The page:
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Lost in the age of Queen Victoria, The Thames came to lie 50 miles south of the Arctic circle under helm of a 'colour and audacious' captain

The historic Thames steamboat drawn as it would have looked

An English steamboat lost 139 years ago has been found 50 miles below the Arctic Circle lying at the bottom of a Siberian river.
The Thames, which sank in 1877, has been uncovered by a Russian team in the Yenisei close to the port of Turukhansk.
Captain of the vessel when it perished was Victorian mariner Joseph Wiggins, a pioneer of the Northern Sea Route which he hoped to use to tap the potential riches of Siberia.
The Thames was carrying a cargo of graphite bound for Britain when it ran into trouble in icy waters around 916 miles north of regional capital Krasnoyarsk.
It was the first vessel of its kind to penetrate the Yenisei from the Arctic in 1876, before sinking the following year.

The captain and his British crew survived the disaster, and travelled back home overland, but Captain Wiggins, said to be colourful and audacious, continued to sail through hazardous Arctic waters, and even supplied rail tracks for the Trans-Siberian railway line.

Captain Joseph Wiggins was honoured in his lifetime by Alexander III
In all, he twice sailed up the Ob River - the world's seventh longest - and five times carried cargoes to the Yenisei.
The discovery was reported by a Siberian news website, which has now launched a search for descendants of the Captain Wiggins amid hopes the vessel will be lifted from its watery grave in future.
"The Siberian Times is seeking to find descendants of Captain Wiggins to put them in touch with the researchers who located the steamboat as well as the Russian Geographical Society, and the local authorities in Kransnoyarsk region," stated the report in the Siberian Times .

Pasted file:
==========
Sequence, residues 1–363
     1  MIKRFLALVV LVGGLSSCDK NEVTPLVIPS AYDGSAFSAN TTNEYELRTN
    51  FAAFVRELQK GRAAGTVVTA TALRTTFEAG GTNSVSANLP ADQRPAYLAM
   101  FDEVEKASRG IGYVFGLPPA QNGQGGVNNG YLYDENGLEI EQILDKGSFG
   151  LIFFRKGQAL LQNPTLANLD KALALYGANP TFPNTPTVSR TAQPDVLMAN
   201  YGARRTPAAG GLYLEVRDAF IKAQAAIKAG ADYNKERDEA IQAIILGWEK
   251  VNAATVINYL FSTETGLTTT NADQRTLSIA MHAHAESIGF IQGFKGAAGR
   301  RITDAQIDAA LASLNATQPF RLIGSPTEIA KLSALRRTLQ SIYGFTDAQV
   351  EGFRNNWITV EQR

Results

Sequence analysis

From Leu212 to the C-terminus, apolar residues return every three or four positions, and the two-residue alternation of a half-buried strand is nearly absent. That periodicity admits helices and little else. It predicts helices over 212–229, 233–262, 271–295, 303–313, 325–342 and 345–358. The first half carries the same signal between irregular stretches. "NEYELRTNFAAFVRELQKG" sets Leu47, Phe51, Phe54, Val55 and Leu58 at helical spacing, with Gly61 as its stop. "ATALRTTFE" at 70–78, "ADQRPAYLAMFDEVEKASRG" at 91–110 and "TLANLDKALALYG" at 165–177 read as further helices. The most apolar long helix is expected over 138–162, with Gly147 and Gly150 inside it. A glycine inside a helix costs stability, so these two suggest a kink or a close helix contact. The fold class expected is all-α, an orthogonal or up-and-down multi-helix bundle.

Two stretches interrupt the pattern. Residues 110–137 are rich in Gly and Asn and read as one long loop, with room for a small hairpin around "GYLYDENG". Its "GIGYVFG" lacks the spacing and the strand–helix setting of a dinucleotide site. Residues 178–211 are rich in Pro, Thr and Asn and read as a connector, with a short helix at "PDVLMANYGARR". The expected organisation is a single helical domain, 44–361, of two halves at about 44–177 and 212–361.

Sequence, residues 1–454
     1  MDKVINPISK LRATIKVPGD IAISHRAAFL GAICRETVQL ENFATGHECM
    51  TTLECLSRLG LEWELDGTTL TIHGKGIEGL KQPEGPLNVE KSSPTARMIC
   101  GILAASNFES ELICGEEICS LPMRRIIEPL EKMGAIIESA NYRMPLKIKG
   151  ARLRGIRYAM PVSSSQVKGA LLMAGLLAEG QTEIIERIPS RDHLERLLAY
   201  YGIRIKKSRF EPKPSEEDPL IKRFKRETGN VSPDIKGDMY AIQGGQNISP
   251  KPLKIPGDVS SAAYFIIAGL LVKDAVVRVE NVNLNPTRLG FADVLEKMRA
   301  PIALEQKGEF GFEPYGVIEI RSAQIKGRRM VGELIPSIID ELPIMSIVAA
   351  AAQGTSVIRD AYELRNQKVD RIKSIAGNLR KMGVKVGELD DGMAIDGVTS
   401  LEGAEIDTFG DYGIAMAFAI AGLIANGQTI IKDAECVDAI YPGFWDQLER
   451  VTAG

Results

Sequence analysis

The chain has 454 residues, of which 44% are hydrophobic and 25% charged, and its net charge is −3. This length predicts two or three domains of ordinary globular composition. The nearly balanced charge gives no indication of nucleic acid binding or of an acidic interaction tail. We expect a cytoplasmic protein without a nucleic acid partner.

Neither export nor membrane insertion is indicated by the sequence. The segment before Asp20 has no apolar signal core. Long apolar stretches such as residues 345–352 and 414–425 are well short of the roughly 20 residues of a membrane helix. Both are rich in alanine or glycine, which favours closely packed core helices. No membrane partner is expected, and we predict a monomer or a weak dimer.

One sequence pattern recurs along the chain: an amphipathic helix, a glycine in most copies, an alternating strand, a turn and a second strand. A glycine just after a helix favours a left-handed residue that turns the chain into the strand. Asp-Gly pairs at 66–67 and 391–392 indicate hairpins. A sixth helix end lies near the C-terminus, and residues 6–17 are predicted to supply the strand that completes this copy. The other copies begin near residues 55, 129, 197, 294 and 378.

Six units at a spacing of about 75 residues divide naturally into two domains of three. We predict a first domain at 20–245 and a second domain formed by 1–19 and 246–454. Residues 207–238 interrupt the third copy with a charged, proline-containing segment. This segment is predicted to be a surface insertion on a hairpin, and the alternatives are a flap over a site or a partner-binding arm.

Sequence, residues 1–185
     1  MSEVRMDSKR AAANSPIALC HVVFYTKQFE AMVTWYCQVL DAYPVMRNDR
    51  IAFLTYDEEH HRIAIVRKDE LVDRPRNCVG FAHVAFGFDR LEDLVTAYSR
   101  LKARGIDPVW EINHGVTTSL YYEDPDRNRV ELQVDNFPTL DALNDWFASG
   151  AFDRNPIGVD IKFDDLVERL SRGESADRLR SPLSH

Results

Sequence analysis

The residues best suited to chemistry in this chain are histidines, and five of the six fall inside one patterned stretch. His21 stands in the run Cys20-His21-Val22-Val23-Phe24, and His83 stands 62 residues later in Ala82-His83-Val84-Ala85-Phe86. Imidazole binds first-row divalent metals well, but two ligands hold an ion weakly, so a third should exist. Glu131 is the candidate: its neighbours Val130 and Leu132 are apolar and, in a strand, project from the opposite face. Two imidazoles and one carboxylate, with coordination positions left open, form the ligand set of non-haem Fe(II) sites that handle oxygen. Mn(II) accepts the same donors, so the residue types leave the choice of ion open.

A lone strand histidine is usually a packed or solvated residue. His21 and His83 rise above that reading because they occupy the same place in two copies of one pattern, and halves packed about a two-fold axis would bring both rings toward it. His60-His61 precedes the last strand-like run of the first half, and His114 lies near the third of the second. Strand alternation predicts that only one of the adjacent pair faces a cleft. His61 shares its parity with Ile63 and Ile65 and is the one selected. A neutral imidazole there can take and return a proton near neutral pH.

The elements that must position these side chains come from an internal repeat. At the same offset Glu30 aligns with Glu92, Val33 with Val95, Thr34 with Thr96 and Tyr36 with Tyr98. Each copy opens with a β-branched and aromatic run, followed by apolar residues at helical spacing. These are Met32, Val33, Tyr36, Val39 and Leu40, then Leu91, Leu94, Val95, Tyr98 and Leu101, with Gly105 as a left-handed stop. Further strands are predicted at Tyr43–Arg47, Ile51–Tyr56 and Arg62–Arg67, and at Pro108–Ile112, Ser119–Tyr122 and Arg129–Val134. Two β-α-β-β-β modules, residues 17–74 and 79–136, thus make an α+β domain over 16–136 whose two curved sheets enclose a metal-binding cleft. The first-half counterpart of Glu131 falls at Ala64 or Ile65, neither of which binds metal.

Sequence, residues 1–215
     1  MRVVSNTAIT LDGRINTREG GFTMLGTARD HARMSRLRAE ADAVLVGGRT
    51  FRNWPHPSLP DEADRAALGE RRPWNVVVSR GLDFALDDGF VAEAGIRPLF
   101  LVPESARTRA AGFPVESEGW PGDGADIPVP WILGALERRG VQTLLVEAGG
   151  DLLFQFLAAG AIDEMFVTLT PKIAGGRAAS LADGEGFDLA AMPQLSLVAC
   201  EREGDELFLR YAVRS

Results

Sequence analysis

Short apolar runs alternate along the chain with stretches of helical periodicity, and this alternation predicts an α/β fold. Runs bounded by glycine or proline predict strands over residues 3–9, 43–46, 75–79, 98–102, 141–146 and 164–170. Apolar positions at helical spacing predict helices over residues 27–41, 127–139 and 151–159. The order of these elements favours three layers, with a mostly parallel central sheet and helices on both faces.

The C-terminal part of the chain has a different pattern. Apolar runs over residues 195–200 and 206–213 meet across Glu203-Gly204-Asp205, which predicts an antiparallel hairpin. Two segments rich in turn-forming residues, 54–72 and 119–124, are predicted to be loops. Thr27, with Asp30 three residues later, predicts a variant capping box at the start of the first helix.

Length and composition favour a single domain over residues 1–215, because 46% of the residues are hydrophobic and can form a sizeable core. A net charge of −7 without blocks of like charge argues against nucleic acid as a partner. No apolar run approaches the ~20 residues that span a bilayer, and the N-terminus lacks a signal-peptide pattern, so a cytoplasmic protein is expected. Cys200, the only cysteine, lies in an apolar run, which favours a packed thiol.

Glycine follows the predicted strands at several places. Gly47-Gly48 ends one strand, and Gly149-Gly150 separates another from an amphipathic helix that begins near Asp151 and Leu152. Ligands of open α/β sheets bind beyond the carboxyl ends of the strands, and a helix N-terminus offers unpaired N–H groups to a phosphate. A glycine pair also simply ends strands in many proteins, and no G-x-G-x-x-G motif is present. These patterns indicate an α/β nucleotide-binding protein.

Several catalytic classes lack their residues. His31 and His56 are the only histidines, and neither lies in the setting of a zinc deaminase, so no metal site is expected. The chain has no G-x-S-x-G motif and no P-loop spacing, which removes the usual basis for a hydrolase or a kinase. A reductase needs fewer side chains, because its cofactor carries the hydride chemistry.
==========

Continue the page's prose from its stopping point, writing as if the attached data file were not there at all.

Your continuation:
The Thames was carrying a cargo of graphite bound for Britain when it ran into trouble in icy waters
The Thames was found by Nikolay Karelin and Alexander Goncharov, who teach history at the Siberian State Aerospace University, during a 30-day summer catamaran odyssey on the Yenisei funded by the Russian Geographical Society in honour of the British seafarer.

The captain is regarded as an important historic figure in pioneering access to and from Siberia by boat, and his achievement will be marked next year in Russia on the 140th anniversary of the vessel's loss.
In his lifetime, Wiggins was honoured by Russian tsar Alexander III.

The team sets off to seek out the secrets of The Thames steamboat

At the time the Wiggins sea and river route to the heart of Siberia was hailed as an "event rivalling in importance the return of the first fleet loaded with merchandise from India".
Modern Kremlin leader Vladimir Putin is once again demanding that Russia exploits the Arctic Ocean for commercial sea traffic, and the last few years have seen a huge increase in shipping here, boosted by climate change which has reduced the ice in these waters.
The same researchers also believe they have found the wreck of Russian clipper Northern Lights which sank the same winter in the Yenisei.
In this case, the sailors were less fortunate and some perished.

There is a memorial for the crew members of the drowned steamboat
A wooden cross was erected as a memorial.
Full details of the two discoveries are due to be published in scientific journals.

BY WILL STEWART 

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